- Profits at SSE slipped by 6% last year and it lost another 430,000 gas and electricity customers to rival suppliers.
- It will now increase its standard variable tariff by 7.7% for electricity consumers and by 5.7% for gas customers from 11 July 2018.
- This will add £76 to dual-fuel energy customers’ bills per year on average.
From the same date, SSE will also axe its £6 per fuel annual paper-less billing discount from
An SSE spokesman said the ‘difficult decision’ to raise energy prices was taken in light of increasing costs.
He added: “Increasing energy prices is always a last resort.
“However, sustained increases in the cost of supplying energy, principally from higher wholesale energy prices and the cost of delivering government policy initiatives designed to modernise and decarbonise Britain’s energy system, must eventually be reflected in prices.
“Policies such as those that support low-carbon forms of electricity generation and the national roll-out of smart meters offer benefits for customers in the long-term, but require significant up-front investments which are funded through energy bills.
“SSE continues to believe that these policies should instead be funded more fairly through means-tested general taxation.”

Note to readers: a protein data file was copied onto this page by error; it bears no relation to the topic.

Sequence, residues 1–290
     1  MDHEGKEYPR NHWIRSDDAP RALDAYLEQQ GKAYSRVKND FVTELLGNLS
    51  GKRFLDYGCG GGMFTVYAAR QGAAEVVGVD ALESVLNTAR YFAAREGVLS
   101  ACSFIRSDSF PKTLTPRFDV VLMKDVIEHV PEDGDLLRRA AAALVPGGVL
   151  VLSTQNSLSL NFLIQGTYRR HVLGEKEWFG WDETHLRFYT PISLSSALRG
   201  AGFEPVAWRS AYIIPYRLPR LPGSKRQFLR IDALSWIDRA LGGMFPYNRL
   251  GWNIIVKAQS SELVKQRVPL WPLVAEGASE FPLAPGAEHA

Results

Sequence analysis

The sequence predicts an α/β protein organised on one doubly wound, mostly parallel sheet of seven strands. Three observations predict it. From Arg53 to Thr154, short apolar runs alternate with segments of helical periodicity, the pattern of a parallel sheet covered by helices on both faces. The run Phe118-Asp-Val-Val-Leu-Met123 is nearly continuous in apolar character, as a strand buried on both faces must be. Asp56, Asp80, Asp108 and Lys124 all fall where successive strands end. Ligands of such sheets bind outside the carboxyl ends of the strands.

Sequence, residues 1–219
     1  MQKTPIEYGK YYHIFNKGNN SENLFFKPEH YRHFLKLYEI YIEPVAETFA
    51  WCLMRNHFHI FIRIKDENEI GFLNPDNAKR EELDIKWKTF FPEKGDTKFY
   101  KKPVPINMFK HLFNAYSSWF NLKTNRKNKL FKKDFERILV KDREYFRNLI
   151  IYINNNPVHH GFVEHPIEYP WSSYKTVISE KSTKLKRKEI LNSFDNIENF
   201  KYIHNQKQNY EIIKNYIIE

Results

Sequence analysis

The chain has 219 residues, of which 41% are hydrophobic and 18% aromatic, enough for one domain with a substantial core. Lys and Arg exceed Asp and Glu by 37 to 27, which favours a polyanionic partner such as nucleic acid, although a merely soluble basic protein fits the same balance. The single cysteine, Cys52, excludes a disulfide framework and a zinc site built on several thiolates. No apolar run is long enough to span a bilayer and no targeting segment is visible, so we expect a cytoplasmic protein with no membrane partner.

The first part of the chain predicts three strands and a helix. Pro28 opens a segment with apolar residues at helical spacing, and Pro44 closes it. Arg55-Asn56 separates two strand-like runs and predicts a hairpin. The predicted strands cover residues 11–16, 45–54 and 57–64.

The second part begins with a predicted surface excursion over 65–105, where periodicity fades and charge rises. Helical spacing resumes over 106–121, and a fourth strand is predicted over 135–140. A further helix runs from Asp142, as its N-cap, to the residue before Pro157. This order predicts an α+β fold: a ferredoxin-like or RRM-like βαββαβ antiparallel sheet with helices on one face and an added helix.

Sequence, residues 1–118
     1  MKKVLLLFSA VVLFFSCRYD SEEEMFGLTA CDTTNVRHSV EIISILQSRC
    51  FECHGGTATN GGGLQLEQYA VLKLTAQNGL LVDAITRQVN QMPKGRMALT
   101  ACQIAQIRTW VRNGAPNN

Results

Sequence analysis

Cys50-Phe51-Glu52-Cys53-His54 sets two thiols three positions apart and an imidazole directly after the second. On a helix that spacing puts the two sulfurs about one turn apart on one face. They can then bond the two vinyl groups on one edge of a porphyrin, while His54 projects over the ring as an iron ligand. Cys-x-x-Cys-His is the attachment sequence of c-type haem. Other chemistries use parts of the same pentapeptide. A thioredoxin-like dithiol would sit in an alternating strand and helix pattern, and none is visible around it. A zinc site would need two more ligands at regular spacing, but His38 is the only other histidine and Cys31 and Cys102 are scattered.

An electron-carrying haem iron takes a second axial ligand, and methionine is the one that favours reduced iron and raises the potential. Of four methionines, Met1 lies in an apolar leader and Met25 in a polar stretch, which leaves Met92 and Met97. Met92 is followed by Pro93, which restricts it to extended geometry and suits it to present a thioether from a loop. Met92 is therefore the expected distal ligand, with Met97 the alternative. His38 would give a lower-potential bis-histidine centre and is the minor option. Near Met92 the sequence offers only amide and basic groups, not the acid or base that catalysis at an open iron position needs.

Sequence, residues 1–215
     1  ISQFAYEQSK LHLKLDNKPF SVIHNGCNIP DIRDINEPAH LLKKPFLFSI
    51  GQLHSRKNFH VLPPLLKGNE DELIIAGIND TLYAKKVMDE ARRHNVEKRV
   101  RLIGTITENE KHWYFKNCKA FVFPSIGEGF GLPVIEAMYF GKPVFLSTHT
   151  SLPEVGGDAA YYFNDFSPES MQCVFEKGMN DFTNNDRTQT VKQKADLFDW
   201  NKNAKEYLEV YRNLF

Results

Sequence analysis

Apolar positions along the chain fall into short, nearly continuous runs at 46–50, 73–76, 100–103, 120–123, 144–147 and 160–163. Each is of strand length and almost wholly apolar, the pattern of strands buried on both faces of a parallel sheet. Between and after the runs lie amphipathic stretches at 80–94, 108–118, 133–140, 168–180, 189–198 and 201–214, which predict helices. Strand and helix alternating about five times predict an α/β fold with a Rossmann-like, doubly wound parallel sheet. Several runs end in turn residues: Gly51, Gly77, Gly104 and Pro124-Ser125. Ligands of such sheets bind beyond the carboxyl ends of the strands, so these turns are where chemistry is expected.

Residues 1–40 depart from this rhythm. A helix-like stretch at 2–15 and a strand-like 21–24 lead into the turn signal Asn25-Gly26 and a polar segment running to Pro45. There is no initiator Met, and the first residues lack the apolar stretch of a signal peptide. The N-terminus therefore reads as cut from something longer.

A spokesman for the consumer website www.VoucherCodesPro.co.uk commented: “To increase customers’ bills by over £70 a year is a huge jump, but more so when you realise that’s an increase for the average homeowner of 6.7%.
“This change won’t come into effect until July, giving Britons a few months to prepare for the extra £6+ monthly charge.
“No doubt this price hike is as a result of the Scottish energy company having dropped 6% in profits following over 430,000 customers leaving last year and going with other energy companies – but surely that would be telling them that the already competitive market is not working in their favour and, if anything, they should look to make their prices more affordable?
“Many families in the UK who are struggling to make ends meet, or struggling with ever-increasing bills, are going to feel this £76 a year price hike and, for many, it will mean that something has got to go in order to cover the additional costs.
“It may be that they cut back on the energy that they’re using, it may be that they have to cut back on groceries or even leave themselves with even less disposable income than they already have. It’s not ideal at all, even with a few months’ notice.”
An energy spokesman for Citizens’ Advice Scotland, commented: “Once again, this is an increase that will see fuel bills rise at several times the rate of inflation, just like the recent rises by the other big energy companies.
“If ‘increases in suppliers’ costs are the reasons for these price hikes, then we would expect that any reductions in those costs should also be reflected in household bills. And if costs do not rise as forecast, we would expect these increases to be quickly reversed for consumers.”
31 May 2018